Inside Out

Notes on seeking wisdom and crafting software

Archlinux on Azure

Table of contents

This post covers the steps required to get an Archlinux virtual machine up in Azure.

azure and archlinux

Azure documentation has a guide for Create and upload generic linux image. We will expand on it and go into archlinux specific details here :)


We will use qemu through out this article to run a VM locally and configure it. Let’s install it right away.

# pacman -S qemu

Our strategy is to locally create a virtual machine with all requisites for azure. Then we will convert the VM hard disk to a VHD suitable for azure. Finally, we will publish the vhd to cloud, and create a VM in azure from that!

Get a virtual machine

We will assume you already have a stock virtual machine image. You can get the archlinux iso and prepare a VM with qemu, or download a archlinux image1.

Start the image in qemu.

$ qemu-system-x86_64 archlinux.qcow2

All the following commands will run in the VM we just started.

Prepare the VM

Let’s tweak the image for azure readiness.

Add hyper-v modules to startup

Azure requires the hyper-v modules to be preloaded during boot time. We will create a new initramfs with them.

# vim /etc/mkinitcpio.conf

Modify the MODULES array in the file
MODULES="hv_storvsc hv_vmbus"

Now generate the default initramfs image.

# mkinitcpio -p linux

Validate the generated image has required modules.

# lsinitcpio /boot/initramfs-linux.img | grep hv_

Output should be similar to:

Install WALinuxAgent and configure it

WALinuxAgent, as the name suggests, configures the VM to be azure compliant. It keeps azure notified of key changes like hostname etc., provisions a resource disk and so on.

If you’ve not setup yaourt or a similar aur package manager, please do so. Install the azure linux agent from AUR.

$ yaourt -S walinuxagent

This package installs the waagent systemd service in the VM for monitoring. We will enable the service at boot.

# systemctl enable waagent

Modify /etc/waagent.conf with following values.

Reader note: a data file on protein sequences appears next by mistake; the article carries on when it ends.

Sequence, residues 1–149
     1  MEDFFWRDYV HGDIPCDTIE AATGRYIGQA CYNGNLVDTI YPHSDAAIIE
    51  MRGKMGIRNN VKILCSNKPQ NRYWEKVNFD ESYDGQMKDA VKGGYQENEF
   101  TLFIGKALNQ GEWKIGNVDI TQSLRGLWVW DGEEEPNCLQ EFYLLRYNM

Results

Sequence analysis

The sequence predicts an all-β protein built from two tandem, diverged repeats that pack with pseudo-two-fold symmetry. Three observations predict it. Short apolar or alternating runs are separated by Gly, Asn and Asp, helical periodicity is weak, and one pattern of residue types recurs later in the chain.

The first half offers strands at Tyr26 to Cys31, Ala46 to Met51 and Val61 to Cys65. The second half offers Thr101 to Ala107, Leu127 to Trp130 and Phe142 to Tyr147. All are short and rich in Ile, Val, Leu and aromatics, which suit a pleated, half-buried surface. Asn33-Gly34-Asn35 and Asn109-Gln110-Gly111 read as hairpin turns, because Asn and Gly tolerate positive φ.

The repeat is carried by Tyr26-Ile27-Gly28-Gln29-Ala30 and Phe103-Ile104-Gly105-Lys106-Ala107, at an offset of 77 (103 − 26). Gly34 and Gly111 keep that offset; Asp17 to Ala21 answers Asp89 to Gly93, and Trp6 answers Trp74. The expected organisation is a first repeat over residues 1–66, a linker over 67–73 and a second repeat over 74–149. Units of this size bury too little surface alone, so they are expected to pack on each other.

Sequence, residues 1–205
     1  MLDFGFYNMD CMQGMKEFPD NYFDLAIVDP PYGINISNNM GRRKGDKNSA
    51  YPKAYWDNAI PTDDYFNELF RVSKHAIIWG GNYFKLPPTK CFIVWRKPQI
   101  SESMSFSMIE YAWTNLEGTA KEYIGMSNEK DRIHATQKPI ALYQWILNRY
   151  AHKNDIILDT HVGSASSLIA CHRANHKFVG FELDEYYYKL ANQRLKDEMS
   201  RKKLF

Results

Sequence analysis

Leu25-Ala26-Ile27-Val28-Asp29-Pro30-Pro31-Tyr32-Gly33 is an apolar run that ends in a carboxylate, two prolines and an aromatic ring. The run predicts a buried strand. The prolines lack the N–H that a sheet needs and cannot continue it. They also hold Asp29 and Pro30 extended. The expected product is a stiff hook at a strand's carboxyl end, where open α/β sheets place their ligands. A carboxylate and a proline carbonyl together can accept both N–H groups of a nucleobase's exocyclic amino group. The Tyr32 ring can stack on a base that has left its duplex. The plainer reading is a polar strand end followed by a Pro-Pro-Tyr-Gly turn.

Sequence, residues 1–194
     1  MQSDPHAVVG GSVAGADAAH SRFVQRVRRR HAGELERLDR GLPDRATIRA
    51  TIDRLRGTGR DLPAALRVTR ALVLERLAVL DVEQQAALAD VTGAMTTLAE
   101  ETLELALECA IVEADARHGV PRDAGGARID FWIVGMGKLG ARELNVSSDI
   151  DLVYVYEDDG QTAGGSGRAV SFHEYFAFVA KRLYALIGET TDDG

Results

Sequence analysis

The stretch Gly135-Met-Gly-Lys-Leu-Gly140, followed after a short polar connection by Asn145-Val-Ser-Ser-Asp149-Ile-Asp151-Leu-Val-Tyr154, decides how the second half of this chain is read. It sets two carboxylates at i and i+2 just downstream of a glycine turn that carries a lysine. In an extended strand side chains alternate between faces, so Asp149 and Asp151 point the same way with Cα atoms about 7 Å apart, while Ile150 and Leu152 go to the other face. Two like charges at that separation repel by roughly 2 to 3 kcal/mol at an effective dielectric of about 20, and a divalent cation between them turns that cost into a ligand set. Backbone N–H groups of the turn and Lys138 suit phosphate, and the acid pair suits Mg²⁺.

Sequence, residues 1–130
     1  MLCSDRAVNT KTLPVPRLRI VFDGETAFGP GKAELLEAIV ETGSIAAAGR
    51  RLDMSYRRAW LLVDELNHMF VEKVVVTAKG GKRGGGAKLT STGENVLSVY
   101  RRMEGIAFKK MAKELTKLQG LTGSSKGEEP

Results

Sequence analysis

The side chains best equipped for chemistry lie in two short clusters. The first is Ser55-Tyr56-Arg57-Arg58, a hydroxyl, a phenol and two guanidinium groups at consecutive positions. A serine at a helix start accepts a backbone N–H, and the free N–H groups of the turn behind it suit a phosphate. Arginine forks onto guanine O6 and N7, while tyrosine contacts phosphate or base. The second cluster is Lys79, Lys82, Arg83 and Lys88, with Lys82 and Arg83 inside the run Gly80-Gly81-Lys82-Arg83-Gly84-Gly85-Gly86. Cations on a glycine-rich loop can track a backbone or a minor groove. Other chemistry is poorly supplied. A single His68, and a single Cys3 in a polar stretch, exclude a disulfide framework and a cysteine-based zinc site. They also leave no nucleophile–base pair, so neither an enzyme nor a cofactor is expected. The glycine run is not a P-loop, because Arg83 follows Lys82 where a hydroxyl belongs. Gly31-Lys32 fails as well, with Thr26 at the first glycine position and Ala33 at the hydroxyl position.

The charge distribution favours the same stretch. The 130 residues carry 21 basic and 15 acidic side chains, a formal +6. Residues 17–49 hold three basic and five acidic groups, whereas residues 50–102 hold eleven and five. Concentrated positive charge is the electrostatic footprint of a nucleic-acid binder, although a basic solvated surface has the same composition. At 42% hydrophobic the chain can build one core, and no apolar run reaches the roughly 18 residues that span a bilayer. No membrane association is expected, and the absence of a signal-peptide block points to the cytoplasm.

Note that the options are primarily geared to help us debug failures. Later we can configure ssh to not allow root to login. We’ve disabled autoupdate to ensure VM doesn’t break without our knowledge, the demerit is we will not get any fixes (incl. critical ones) automatically. We can turn this on later as well.

A few additional checks before we deprovision the virtual machine.

Ensure dhcpcd service is enabled to run at startup. Without it, we will just lock the VM out in the cloud :)

# systemctl enable dhcpcd

Ensure ssh daemon is set to run at startup. You may want to pre-provision an user in the VM; just in case. Modify /etc/ssh/sshd.config appropriately.

# systemctl enable sshd

We’re now ready to deprovision the virtual machine.

# waagent -force -deprovision
# export HISTSIZE=0
# shutdown -h now

Virtual disk on the cloud

Now back to the local box which hosts the virtual machine.

Azure requires the VHD to be a fixed disk with size rounded to the nearest MB. The azure guide provides clear instructions for this. We’ll convert our disk to a raw image first.

$ qemu-img convert -f qcow2 -O raw archlinux.qcow2 archlinux.raw

Save the following script as in local directory.

# Prints the size of raw and vhd disk

echo "RAW Info:"
size=$(qemu-img info -f raw --output json "$rawdisk" | \
       gawk 'match($0, /"virtual-size": ([0-9]+),/, val) {print val[1]}')

echo "Current Size = $size"
rounded_size=$((($size/$MB + 1)*$MB))
echo "Rounded Size = $rounded_size"

echo "VHD Info:"
size=$(qemu-img info -f raw --output json "$vhddisk" | \
       gawk 'match($0, /"virtual-size": ([0-9]+),/, val) {print val[1]}')

echo "Current Size = $size"
rounded_size=$((($size/$MB + 1)*$MB))
echo "Rounded Size = $rounded_size"

On running ./ you will get the rounded size of the raw image. Resize it first to that value.

# # rounded_size is got by running ./
$ qemu-img resize archlinux.raw <rounded_size>

Now convert the raw image to vhd.

$ qemu-img convert -f raw -o subformat=fixed,force_size -O vpc archlinux.raw archlinux.vhd
$ ./

Validate that the Rounded size for raw and vhd are the same.

Upload the vhd to azure

Install azure-vhd-utils-for-go-git from AUR.

$ yaourt -S azure-vhd-utils-for-go-git 

Following command will upload the vhd and create a VM image in Azure.

$ vhd upload --localvhdpath archlinux.vhd --stgaccountname archtest --stgaccountkey storagekey --blobname archlinux.1

Note that the archtest storage account is a classic storage account.

Create VM in azure

Navigate to the older azure portal

Create a Image for the vhd:

  • Navigate to Virtual Machines in the left side pane
  • Open the Images tab in right side
  • Use Create from the toolbar below

create vm image in azure

Point the image to vhd uploaded previously.

For creating a VM with a custom image, use the Images option in Create VM dialog. There’s a windows VM guide here, the steps are similar for our custom vhd.

choose vm image in azure

That’s all for now. If all went well, you should be able to ssh into the VM just created :)


  1. You can get one from tuxfixer. Here’s the direct link to qcow2 file.